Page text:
Hurricane Maria Bears Down on Storm-Battered Eastern Caribbeanإقرأ هذا الخبر بالعربية
Hurricane Maria barrelled towards the storm-battered eastern Caribbean and was expected to strengthen on Monday as it churned along a path similar to that of megastorm Irma earlier in the month.
The new storm, which the US National Hurricane Center warned could become a "major hurricane", threatens the French territory of Guadeloupe, which was the staging area for relief operations for several islands hit by Irma.
Guadeloupe was to go on "red alert" Monday with schools, businesses and government offices ordered closed.
Warnings were also triggered for Dominica, St Kitts, Nevis, the British island of Montserrat and France's Martinique.
French Interior Minister Gerard Collomb warned in Paris on Sunday that "we will have major difficulties" if Guadeloupe is hard hit, noting that the territory "was the logistical centre from where we could supply Saint Martin and organise all the air bridges."
Fifteen people died from Irma on Saint Martin, an island shared by France and the Netherlands.
Officials in Guadeloupe predicted severe flooding in low-lying areas and urged people living there to move to higher ground.
France, Britain and the Netherlands have been criticised for the pace of relief efforts and failure to contain lawlessness in their overseas territories amid widespread shortages of food, water and electricity after Irma.
- 'Culture of risk' -But in the Guadeloupe capital Pointe-a-Pitre, local official Josette Borel-Lincertain said authorities had ample experience preparing for hurricanes.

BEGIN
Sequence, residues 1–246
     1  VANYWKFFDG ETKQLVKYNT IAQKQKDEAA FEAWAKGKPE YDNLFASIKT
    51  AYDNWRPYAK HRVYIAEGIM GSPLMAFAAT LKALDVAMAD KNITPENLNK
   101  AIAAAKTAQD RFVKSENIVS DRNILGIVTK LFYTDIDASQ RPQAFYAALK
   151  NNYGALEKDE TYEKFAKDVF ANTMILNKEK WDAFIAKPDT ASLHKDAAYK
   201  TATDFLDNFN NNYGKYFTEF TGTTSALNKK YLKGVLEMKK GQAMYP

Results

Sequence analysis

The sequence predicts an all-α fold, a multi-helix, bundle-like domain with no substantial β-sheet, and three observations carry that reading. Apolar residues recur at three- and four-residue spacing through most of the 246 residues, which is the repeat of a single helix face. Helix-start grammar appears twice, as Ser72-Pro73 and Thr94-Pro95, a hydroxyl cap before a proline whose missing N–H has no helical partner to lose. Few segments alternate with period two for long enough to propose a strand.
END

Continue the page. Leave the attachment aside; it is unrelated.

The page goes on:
"We have a culture of risk, we know what needs to be done," she said.
Collomb said an additional 110 soldiers would be deployed to the region to reinforce some 3,000 people already at work tackling security problems, rebuilding infrastructure and supplying food and water to hurricane-hit islanders.
He said up to 500 more people could be sent if needed.
The Category Five Irma left around 40 people dead in the Caribbean before churning west and pounding Florida, where at least 20 people were killed.
As of 0600 GMT, Maria was a Category One hurricane, the lowest on the five point Saffir-Simpson scale, with maximum sustained winds of 90 miles per hour (150 kph) winds.
The storm was about 145 kilometres (90 miles) northeast of Barbados and moving at 13 mph (20 kph), the NHC said.
Martinique was placed on "orange alert" from Monday with high seas and heavy rain expected to cause flooding. Schools and universities will be closed, authorities said.
Tropical storm warnings were in place in Antigua and Barbuda, Saba and St Eustatius, and St Lucia. The tiny island of Barbuda was decimated by Hurricane Irma September 5-6 when it made its first landfall in the Caribbean as a top intensity Category Five storm.
The NHC said Maria could produce a "dangerous storm surge accompanied by large and destructive waves" that will raise water levels by four to six feet (1.2 to 1.8 metres) when it passes through the eastern Caribbean.
It also forecast a maximum potential rainfall of 20 inches (51 centimetres) in the Leeward Islands, Puerto Rico and the US and British Virgin Islands through Wednesday night -- conditions that could cause life-threatening flash floods and mudslides.
A second hurricane, Jose, is also currently active in the Atlantic and has triggered tropical storm watches for the northeastern United States.
Hurricane Irma broke weather records when it sustained winds of 295 kilometres per hour (183 miles per hour) for more than 33 hours.
Many scientists are convinced that megastorms such as Irma and Harvey before it are intensified by the greater energy they can draw from oceans that are warming as a result of global climate change.